When you start talking about sporty Volkswagens, everyone's thoughts probably turn to that souped-up hooligan the Golf GTI, a vehicle capable of causing your stomach to perform muesli-turning somersaults on a drive into work of a morning and, if you're not paying attention, could also earn you a speeding ticket before you're even halfway there.
Not many people would put the more sedate Tiguan into this category, though. Bigger and higher off the ground than the Golf, the Tiguan occupies the hinterland between its low-slung sibling and that proper off-road beefcake the Touareg, with the newer Teramont, which seems too shy to make much of an appearance, sitting at the top in the size stakes.
And as much as you might like to own one of these vehicles, or even all four of them, there's only one you'd associate with tearing up the tarmac. So, back to the Tiguan, which thus far has appeared to be a middle child content to leave the littlest member of the Volkswagen family to be the track star.
That might have been the case once, but things change. Volkswagen has given the Tiguan its R-Line treatment and, while that description doesn't exactly bring to mind a team of wild horses thundering across the plains, this upgrade has given us a zippy young model with plenty of newfound capability on sports day.
The design package associated with for the R-Line is called Black Style. In terms of looks, this model is still evidently a Tiguan, but design tweaks have given it a far more assertive appearance.
It really goes big time on the whole black theme – it has black exterior mirror housings, black roof rail, black bumpers, air intakes with black fins and headlight frames in high-gloss black, as well as optional 20-inch Suzuka black alloy wheels. That's surely enough of the dark stuff for a whole troupe of goths. But the car doesn't have to come in black.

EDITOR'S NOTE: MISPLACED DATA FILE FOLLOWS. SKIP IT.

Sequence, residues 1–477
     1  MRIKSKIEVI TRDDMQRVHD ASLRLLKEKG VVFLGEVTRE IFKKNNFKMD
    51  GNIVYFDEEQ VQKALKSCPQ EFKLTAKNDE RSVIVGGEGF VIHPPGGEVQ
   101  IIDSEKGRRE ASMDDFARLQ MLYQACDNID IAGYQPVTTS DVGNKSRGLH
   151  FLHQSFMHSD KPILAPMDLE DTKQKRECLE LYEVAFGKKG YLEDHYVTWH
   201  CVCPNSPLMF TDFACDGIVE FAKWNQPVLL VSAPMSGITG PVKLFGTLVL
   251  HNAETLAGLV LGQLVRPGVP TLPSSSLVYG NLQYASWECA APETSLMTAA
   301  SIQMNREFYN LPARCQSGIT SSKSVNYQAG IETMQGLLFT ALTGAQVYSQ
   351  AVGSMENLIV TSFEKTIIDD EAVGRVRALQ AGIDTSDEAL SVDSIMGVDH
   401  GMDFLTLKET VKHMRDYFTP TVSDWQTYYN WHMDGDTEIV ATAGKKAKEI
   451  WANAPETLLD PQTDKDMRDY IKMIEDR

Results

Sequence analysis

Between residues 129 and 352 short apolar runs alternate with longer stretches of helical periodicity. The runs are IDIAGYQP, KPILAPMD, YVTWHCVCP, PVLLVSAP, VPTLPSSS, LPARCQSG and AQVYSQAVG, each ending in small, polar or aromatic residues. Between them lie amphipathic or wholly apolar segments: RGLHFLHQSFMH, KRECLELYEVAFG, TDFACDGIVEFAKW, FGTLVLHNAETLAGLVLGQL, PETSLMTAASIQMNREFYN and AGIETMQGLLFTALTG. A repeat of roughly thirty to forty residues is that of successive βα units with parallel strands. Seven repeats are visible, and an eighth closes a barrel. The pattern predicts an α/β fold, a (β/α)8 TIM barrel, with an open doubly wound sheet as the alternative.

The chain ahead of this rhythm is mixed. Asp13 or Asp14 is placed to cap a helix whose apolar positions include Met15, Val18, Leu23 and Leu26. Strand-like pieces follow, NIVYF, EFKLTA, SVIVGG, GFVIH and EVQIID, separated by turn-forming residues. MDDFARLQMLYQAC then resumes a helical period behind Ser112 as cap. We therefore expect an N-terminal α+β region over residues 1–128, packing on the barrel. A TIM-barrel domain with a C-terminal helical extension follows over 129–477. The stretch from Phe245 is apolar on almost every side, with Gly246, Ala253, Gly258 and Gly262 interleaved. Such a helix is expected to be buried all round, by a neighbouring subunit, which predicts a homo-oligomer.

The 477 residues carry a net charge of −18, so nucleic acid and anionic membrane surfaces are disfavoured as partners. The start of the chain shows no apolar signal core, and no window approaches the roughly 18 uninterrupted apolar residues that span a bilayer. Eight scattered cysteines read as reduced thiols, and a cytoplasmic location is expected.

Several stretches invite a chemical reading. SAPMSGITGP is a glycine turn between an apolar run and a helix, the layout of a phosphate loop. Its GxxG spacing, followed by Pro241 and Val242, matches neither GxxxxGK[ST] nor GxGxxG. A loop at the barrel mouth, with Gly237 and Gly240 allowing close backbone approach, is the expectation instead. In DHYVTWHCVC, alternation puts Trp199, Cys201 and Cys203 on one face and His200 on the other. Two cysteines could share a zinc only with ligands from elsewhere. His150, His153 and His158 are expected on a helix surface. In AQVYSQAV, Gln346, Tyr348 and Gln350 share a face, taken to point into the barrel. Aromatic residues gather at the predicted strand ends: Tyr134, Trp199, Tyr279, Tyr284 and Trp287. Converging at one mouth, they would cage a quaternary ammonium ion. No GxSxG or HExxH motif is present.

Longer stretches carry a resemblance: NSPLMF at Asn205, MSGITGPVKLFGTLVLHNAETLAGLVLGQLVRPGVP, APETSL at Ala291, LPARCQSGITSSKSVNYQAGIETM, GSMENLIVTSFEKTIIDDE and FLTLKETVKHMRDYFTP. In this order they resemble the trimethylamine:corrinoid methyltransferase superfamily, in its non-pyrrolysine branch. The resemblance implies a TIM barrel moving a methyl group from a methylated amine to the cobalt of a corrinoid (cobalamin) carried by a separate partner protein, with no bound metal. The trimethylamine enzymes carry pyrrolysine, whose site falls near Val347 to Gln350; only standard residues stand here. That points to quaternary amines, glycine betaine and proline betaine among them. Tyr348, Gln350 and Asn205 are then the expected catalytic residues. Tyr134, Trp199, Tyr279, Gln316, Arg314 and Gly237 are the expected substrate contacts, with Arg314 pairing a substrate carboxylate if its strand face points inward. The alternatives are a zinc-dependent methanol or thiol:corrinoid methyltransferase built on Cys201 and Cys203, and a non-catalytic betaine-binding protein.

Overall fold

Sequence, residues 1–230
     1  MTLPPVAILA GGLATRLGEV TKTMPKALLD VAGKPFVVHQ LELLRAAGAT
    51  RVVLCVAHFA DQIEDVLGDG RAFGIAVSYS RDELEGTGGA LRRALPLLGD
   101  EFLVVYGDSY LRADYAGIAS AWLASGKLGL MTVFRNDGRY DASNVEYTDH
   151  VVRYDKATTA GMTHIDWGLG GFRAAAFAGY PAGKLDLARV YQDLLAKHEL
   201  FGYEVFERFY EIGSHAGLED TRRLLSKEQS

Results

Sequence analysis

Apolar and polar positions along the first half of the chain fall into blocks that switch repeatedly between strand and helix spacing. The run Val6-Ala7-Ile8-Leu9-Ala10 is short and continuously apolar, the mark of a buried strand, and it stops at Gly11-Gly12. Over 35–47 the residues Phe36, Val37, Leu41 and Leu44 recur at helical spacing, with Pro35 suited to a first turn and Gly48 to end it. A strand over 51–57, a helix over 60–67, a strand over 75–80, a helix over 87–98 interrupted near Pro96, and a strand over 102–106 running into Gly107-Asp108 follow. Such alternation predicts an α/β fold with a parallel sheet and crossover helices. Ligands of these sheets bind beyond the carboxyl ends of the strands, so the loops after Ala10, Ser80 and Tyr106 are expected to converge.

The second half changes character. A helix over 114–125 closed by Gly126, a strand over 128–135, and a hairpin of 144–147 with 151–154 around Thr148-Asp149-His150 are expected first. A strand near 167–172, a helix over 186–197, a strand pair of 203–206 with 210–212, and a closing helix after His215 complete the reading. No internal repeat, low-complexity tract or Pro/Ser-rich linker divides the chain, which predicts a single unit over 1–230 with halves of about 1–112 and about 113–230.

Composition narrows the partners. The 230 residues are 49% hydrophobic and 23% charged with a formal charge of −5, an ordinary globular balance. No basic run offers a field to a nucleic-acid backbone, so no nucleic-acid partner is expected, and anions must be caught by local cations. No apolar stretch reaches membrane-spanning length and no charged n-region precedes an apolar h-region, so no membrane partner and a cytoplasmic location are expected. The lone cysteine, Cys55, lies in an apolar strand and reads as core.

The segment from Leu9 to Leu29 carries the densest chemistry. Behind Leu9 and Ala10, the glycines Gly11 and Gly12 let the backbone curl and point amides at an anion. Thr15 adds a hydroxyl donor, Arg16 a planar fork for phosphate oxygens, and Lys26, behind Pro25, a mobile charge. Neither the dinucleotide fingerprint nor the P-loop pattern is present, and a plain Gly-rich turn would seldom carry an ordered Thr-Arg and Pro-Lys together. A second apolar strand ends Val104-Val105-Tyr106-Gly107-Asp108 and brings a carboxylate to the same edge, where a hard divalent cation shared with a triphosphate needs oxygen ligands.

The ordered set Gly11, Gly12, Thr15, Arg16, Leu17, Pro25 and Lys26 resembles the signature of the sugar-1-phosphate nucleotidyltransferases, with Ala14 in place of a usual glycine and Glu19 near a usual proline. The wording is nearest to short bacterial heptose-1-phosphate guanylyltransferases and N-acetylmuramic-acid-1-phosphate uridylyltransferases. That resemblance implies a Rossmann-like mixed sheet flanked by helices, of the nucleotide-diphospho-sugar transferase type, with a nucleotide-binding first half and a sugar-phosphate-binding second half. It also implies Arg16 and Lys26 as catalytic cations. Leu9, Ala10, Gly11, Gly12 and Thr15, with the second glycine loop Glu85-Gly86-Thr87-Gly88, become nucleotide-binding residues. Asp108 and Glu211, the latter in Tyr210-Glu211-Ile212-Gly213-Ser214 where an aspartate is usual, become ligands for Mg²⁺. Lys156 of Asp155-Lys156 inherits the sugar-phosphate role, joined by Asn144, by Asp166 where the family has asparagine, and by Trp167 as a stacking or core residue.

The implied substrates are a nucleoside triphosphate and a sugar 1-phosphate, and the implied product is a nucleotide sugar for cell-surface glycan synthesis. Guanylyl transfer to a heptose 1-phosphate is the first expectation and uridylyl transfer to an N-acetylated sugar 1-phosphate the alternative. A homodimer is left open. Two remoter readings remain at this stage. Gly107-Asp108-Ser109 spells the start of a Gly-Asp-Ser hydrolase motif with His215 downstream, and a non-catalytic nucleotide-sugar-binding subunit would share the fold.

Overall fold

What happens when you get the Tiguan moving? It's fast. You'll be surprised what you can do when you put it in the most dynamic mode, as will the motorists around you.
I have to declare a potential bias towards the Tiguan here. I owned a previous generation and liked it very much. My father left it to me in his will and so, for my part, it is a model tinged with a certain poignancy that might not have been evident with a vehicle I'd bought myself.
That aside, though, this car really is as good as it sounds. It has superior performance to the Golf and a lot more room.
It's stylish, too. Volkswagen's middle child might have been overlooked by car buyers until now, but it's suddenly wearing a leather jacket and sporting a new physique after using a set of weights in its bedroom. It looks like it is finally going to start turning heads.